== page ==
In search of Sa'adat Hasan Manto

Every time young Sa'adat came down to Paproudi for his vacation, Ujagar Singh knew exactly what needed to be done. In the small, quiet village in Punjab's Samrala tehsil the friends had their own ritual. Grab some makki ki roti and sarson ka saag and meet at their regular hangout - the common well in fellow villager Kartar Singh's fields. Or as they fondly put it, "Kartaarey da khoo" . That was where they would bathe, eat and while away time playing football. Ujagar Singh admits his memory is rusty. He is, after all, close to a 100 years old. But when he talks about the little things he does remember, his heavily lined face further creases into a smile. "He (Manto) really liked playing football. He would get one himself. For all the years he was here, I never heard him utter a single swear word." His disjointed memories of the time he spent with his childhood friend are frequently punctuated with "Bahut hi changa banda si (he was a very fine man)."

As young kids playing in the wheat fields that surround Paproudi even today, Ujagar Singh says he never imagined his playmate Sa'adat Hasan Manto would some day become one of the greatest short story writers the Indian sub-continent had ever seen. Being unlettered, he has never read Manto. But he knows Manto was written about in the papers. He remembers nothing of the time when the writer was charged with obscenity and tried in court for six of his stories. "Maybe something like that happened. I don't know," Ujagar Singh says, the words tripping over each other as they come out of his mouth in a near-incomprehensible mumble.

In its absence, Ujagar Singh's memory mirrors that of Samrala. There is a vague sense of acknowledgement that a writer of renown once belonged to these parts. But it's easy to find vignettes of rustic Punjab in Manto's stories like 'Thanda Gosht' (Cold Meat). Gurbhajan Singh Gill, president of the Punjabi Sahit Akademi, calls Manto a "real son of the soil" . Manto's characters worked to shock and turn societal stereotypes on their heads. For example, Mozel, the Jewish woman who accepts, spurns and then dies for her Sikh admirer. Or Babu Gopi Nath, who does all he can to get a young prostituted woman married off to a rich man. Manto's accounts of the riots and violence that followed Partition are chilling yet remarkably sensitive at the same time. 'Khol Do' is one stand-out example that immediately comes to mind. 'Toba Tek Singh' , perhaps his most famous story, is a telling commentary on the madness of Partition.

Manto's treatment of sex and sexuality was something that earned him the ire of the British government as well as the rulers of Pakistan, where he had migrated to in the late 1940s. His openness and direct approach to the subject was taken for obscenity and perversion then. Today, though, he finds place even in the Delhi University syllabus, regarded as a man ahead of his times. Manto, however, did not stay in his village of birth for long. He studied in Amritsar and later moved to Bombay for work. But had Manto been around, he'd be happy to see that finally, after all these years, a small group of people are putting all their might to revive the writer in Samrala and neighbouring Ludhiana.

On May 13, two days after Manto's birth centenary , the Punjabi Lekhak Manch and the Punjabi Sahit Akademi have scheduled a seminar in Samrala , inviting the writer's three daughters from Pakistan. The Ludhiana chapter of Punjab University will also stage a play based on one of his short stories. In Malerkotla, a village about 40 km away from Samrala, an Urdu bi-monthly magazine 'Nazariya' plans to bring out a special issue dedicated to Manto. Advocate Daljeet Singh Shahi, who works in the Samrala civil court and is also president of the Punjabi Lekhak Manch, proudly points out that it's the same court where Manto's father served as subjudge years ago. A Punjabi short-story writer himself , Shahi is unhappy at the lack of recognition for Manto in Punjab today. "I feel people have forgotten him. There is very little interest in literature here," he says. Talking about the centenary celebration plans, he turns to two people waiting in his office and politely explains to them who exactly it is that is being discussed. The men have never heard the name Manto before.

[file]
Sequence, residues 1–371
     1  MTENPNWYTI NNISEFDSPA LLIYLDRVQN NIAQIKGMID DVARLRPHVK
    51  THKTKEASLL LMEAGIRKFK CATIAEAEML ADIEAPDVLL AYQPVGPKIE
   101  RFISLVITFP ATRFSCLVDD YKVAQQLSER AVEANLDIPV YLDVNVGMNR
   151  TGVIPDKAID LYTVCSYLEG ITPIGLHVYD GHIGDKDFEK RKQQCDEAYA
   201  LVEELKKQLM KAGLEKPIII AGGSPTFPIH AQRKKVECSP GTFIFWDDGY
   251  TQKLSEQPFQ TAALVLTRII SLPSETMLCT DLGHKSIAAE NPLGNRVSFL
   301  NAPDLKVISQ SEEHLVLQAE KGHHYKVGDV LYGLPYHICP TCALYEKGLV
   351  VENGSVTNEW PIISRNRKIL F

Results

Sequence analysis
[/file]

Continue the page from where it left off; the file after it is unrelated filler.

See alsoSaadat Hassan Manto and the partition of India —Ishtiaq Ahmed
This year marks the centenary of one of the most remarkable Urdu short-story writers of the Indian subcontinent: Saadat Hassan Manto (May 11, 1912-January 18, 1955). His contemporary, Krishan Chander (1914-1977), himself a literary icon who some critics have described as the “the imam of the Urdu short-story” graciously wrote in his obituary on Manto that indeed he was the greatest short-story writer of his generation...I will end by narrating one of my other favourites. In his, ‘Siyah Hashiye’ (Black Borders), Manto depicts an excited pro-Pakistan mob that attacks the statue on the Lahore Mall Road of the great Hindu philanthropist of Punjab, Sir Ganga Ram. One of them blackens its face with tar. Another collects old shoes, strung into a garland, and is about to put it around the statue’s neck, when the police shows up and begins firing. The man who is about to put the garland of shoes around the statue’s neck is injured. He is sent to the Sir Ganga Ram Hospital for treatment.. (The writer is a Professor Emeritus of Political Science, Stockholm University. He is also Honorary Senior Fellow of the Institute of South Asian Studies, National University of Singapore.)

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